You are here: Home - News -

Prospects for mortgage lending in 2016 – Hometrack

by: David Catt, chief operating officer, Hometrack
  • 23/12/2015
  • 0
Prospects for mortgage lending in 2016 – Hometrack
A vast array of factors could help boost the mortgage market in 2016, but a number of things could also see the market go the other way. David Catt chief technology officer at Hometrack shares his predictions for 2016.

Gross mortgage lending is set to exceed £210bn in 2015, up 3% over the year after 25% growth in 2014. Despite a 5% decline in housing transactions over 2015, gross lending for home purchase is up 2.1% while growth in remortgaging has increased by 2.9%.

The convergence in new business rates with individuals on lenders’ back books is limiting the imperative for households to remortgage. With expectations for an increase in the base rate drifting into 2017 it is hard to see a major uplift in remortgaging activity in 2016 unless current market and consumer expectations shift significantly over the year.

The real driver of home purchase lending in 2015 has been the expansion of buy to let which has grown by 17% over the last year. Changes announced by the Chancellor on tax relief for higher rate taxpayers and Stamp Duty are set to slow the speed of growth in the buy to let market from spring 2016 onwards. The tax changes could well result in some disinvestment over the next three years as borrowers reduce leverage to align to the lower level of interest tax relief. We still expect some further growth in buy-to-let lending over 2016 but at a much reduced rate.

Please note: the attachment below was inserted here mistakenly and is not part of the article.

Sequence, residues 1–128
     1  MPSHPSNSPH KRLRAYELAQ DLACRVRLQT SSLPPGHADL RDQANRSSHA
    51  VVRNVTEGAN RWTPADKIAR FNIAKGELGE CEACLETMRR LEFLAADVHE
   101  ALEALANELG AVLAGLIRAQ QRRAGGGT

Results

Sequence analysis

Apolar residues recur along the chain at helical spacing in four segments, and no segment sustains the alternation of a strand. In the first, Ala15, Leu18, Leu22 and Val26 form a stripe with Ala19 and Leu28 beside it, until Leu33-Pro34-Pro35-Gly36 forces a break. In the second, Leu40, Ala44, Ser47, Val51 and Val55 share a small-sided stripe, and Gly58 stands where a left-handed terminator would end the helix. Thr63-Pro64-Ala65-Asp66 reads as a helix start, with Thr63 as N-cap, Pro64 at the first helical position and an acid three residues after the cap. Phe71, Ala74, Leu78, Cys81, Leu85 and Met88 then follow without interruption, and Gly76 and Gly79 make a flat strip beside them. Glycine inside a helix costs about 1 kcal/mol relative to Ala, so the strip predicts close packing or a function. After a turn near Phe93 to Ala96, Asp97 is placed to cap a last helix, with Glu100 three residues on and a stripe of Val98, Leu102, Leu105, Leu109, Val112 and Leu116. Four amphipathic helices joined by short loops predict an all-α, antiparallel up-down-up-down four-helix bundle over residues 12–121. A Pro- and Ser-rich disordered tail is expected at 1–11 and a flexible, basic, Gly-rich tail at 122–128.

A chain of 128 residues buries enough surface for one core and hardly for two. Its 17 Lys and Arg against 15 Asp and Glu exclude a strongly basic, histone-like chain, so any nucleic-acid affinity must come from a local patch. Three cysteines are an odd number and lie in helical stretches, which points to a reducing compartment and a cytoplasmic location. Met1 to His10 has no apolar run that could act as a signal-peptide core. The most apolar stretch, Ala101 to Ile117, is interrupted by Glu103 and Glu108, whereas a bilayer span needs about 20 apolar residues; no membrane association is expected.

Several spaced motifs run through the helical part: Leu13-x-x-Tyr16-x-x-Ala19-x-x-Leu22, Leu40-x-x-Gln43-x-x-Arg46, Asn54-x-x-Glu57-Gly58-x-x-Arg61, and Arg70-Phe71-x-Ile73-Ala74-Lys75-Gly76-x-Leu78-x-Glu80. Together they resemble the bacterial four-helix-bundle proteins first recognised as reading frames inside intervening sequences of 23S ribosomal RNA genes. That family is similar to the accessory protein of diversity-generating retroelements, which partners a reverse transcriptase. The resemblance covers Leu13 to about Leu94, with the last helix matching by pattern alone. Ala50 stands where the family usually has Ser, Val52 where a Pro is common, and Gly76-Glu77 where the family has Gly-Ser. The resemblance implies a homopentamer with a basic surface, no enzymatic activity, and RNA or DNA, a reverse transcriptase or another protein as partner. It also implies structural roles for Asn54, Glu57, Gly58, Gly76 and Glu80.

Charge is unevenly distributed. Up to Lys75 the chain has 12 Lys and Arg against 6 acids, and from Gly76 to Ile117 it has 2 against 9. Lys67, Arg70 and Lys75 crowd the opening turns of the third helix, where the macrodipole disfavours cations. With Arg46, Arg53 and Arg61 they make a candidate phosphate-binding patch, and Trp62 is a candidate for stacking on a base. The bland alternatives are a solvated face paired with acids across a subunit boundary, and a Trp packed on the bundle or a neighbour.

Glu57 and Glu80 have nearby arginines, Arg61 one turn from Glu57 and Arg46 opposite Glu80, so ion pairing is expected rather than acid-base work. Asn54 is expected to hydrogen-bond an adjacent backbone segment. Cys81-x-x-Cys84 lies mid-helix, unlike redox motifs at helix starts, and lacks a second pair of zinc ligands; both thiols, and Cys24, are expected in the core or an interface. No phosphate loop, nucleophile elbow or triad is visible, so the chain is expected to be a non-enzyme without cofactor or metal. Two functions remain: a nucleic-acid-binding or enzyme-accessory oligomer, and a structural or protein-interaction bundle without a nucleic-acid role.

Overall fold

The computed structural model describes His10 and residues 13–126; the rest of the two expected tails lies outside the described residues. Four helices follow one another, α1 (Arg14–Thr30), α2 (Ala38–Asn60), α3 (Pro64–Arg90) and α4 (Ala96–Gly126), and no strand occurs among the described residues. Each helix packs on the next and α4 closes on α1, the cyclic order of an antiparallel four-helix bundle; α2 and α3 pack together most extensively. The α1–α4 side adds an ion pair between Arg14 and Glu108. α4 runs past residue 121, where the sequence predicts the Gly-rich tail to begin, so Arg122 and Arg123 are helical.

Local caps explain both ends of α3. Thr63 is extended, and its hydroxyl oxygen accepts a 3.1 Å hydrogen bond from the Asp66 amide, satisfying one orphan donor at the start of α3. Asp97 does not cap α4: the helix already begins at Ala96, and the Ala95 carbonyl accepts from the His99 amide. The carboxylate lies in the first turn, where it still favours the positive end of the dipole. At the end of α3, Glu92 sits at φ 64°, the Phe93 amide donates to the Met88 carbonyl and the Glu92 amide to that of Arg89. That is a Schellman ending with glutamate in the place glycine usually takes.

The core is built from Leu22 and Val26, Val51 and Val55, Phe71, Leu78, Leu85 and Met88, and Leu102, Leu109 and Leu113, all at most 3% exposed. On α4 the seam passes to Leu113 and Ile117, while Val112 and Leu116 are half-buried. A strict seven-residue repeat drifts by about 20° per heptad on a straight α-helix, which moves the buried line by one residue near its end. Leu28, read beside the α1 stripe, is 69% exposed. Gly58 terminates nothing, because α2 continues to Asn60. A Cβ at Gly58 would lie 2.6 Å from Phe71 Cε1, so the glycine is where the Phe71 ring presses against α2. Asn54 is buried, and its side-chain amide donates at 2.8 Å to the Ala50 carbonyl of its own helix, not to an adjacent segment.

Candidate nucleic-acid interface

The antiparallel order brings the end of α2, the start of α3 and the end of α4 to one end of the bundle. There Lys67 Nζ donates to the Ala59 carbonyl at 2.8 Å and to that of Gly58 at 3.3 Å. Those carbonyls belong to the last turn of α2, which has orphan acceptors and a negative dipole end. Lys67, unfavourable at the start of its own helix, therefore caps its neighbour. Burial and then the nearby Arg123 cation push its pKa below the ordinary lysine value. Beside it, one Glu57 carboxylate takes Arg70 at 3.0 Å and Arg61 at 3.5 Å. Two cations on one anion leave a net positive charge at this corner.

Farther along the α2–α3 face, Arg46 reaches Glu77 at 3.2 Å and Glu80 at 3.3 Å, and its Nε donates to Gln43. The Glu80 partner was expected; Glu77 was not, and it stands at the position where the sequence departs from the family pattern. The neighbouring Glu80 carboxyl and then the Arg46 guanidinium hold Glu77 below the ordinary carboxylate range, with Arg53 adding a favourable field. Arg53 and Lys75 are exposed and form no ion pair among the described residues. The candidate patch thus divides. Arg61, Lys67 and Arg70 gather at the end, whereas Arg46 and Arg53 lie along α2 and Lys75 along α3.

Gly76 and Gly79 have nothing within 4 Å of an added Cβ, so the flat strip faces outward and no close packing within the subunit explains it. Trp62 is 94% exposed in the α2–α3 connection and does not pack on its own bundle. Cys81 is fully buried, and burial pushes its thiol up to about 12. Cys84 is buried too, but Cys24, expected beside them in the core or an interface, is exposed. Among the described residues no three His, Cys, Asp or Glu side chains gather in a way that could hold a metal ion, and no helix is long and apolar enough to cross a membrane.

Home purchase lending has the potential to drive stronger lending volumes in 2016 and beyond. The various government schemes aimed at helping buyers access home ownership will drive more sales. A lot of detail needs to be put in place, not least on mortgage terms and availability for Starter Homes. In addition, there will be an inevitable delay as schemes launch and ramp up volumes.

The strongest potential for growth comes from greater activity among existing mortgaged home owners whose share of property transactions is at a 10-year low (just 33% compared to 50% in 2007). The housing recovery to date has largely been confined to the greater South East but this is spreading to regional cities where house price inflation is starting to accelerate. Continued economic growth along with low mortgage rates should result in more transactions in markets where the recovery is in its infancy. The only downside is lower turnover in a London market where price rises are set to slow further in 2016.

Overall, we expect lending volumes in 2016 to reach towards £220bn, rather less than some may be anticipating. The focus for lenders will remain on seeking efficiencies while improving customer service. Technology has an increasingly important role to play in speeding up the decision-making process while seeking to leverage the digital channel much further over the next decade.

There are 0 Comment(s)

You may also be interested in

Read previous post:
head shot of Maria Harris Atom Bank, head of intermediary sales
Atom Bank to use face scans to replace security checks – reports

Reports suggest yet-to-launch mortgage lender Atom Bank will use both face scans and voice recognition to outwit fraudsters and to...